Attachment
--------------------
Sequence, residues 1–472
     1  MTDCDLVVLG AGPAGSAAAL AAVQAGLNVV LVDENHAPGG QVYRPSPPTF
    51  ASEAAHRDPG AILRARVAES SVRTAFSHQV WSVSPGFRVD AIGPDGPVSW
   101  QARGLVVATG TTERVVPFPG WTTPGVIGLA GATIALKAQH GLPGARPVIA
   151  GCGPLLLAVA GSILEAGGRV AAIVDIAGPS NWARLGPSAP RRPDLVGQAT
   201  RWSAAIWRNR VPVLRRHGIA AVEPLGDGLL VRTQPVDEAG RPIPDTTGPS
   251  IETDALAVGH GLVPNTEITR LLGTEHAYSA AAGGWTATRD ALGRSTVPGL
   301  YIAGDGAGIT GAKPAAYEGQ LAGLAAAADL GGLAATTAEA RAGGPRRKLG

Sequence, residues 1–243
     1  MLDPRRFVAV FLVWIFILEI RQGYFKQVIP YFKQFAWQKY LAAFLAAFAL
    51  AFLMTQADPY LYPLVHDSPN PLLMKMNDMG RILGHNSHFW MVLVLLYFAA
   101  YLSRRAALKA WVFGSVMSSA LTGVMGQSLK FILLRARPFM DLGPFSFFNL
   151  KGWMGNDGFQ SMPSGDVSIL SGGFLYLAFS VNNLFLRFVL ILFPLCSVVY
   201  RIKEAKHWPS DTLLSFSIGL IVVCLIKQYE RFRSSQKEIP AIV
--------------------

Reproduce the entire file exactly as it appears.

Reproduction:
Sequence, residues 1–472
     1  MTDCDLVVLG AGPAGSAAAL AAVQAGLNVV LVDENHAPGG QVYRPSPPTF
    51  ASEAAHRDPG AILRARVAES SVRTAFSHQV WSVSPGFRVD AIGPDGPVSW
   101  QARGLVVATG TTERVVPFPG WTTPGVIGLA GATIALKAQH GLPGARPVIA
   151  GCGPLLLAVA GSILEAGGRV AAIVDIAGPS NWARLGPSAP RRPDLVGQAT
   201  RWSAAIWRNR VPVLRRHGIA AVEPLGDGLL VRTQPVDEAG RPIPDTTGPS
   251  IETDALAVGH GLVPNTEITR LLGTEHAYSA AAGGWTATRD ALGRSTVPGL
   301  YIAGDGAGIT GAKPAAYEGQ LAGLAAAADL GGLAATTAEA RAGGPRRKLG

Sequence, residues 1–243
     1  MLDPRRFVAV FLVWIFILEI RQGYFKQVIP YFKQFAWQKY LAAFLAAFAL
    51  AFLMTQADPY LYPLVHDSPN PLLMKMNDMG RILGHNSHFW MVLVLLYFAA
   101  YLSRRAALKA WVFGSVMSSA LTGVMGQSLK FILLRARPFM DLGPFSFFNL
   151  KGWMGNDGFQ SMPSGDVSIL SGGFLYLAFS VNNLFLRFVL ILFPLCSVVY
   201  RIKEAKHWPS DTLLSFSIGL IVVCLIKQYE RFRSSQKEIP AIV